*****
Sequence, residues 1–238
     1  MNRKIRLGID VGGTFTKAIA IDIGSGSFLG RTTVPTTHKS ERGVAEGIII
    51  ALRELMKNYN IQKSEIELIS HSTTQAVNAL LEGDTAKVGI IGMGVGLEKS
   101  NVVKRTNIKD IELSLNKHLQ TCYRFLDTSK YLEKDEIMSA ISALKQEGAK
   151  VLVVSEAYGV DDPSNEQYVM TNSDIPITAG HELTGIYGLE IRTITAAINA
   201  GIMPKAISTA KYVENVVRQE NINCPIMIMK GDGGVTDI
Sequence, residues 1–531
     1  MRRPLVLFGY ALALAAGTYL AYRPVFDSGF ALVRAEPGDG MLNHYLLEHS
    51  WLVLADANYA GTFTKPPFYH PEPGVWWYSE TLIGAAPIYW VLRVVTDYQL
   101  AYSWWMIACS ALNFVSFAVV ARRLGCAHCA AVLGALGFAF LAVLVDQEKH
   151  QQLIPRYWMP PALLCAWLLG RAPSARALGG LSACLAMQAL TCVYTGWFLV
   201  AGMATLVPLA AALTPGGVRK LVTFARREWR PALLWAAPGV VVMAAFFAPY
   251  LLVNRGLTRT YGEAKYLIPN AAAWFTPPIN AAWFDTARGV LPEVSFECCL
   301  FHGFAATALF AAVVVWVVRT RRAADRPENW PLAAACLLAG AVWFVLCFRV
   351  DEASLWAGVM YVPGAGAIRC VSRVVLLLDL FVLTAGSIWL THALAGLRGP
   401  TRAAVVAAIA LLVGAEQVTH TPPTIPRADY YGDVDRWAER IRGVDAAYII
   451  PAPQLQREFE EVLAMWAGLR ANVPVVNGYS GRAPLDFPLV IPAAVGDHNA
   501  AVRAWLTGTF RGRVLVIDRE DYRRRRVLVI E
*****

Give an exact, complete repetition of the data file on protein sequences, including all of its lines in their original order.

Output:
Sequence, residues 1–238
     1  MNRKIRLGID VGGTFTKAIA IDIGSGSFLG RTTVPTTHKS ERGVAEGIII
    51  ALRELMKNYN IQKSEIELIS HSTTQAVNAL LEGDTAKVGI IGMGVGLEKS
   101  NVVKRTNIKD IELSLNKHLQ TCYRFLDTSK YLEKDEIMSA ISALKQEGAK
   151  VLVVSEAYGV DDPSNEQYVM TNSDIPITAG HELTGIYGLE IRTITAAINA
   201  GIMPKAISTA KYVENVVRQE NINCPIMIMK GDGGVTDI
Sequence, residues 1–531
     1  MRRPLVLFGY ALALAAGTYL AYRPVFDSGF ALVRAEPGDG MLNHYLLEHS
    51  WLVLADANYA GTFTKPPFYH PEPGVWWYSE TLIGAAPIYW VLRVVTDYQL
   101  AYSWWMIACS ALNFVSFAVV ARRLGCAHCA AVLGALGFAF LAVLVDQEKH
   151  QQLIPRYWMP PALLCAWLLG RAPSARALGG LSACLAMQAL TCVYTGWFLV
   201  AGMATLVPLA AALTPGGVRK LVTFARREWR PALLWAAPGV VVMAAFFAPY
   251  LLVNRGLTRT YGEAKYLIPN AAAWFTPPIN AAWFDTARGV LPEVSFECCL
   301  FHGFAATALF AAVVVWVVRT RRAADRPENW PLAAACLLAG AVWFVLCFRV
   351  DEASLWAGVM YVPGAGAIRC VSRVVLLLDL FVLTAGSIWL THALAGLRGP
   401  TRAAVVAAIA LLVGAEQVTH TPPTIPRADY YGDVDRWAER IRGVDAAYII
   451  PAPQLQREFE EVLAMWAGLR ANVPVVNGYS GRAPLDFPLV IPAAVGDHNA
   501  AVRAWLTGTF RGRVLVIDRE DYRRRRVLVI E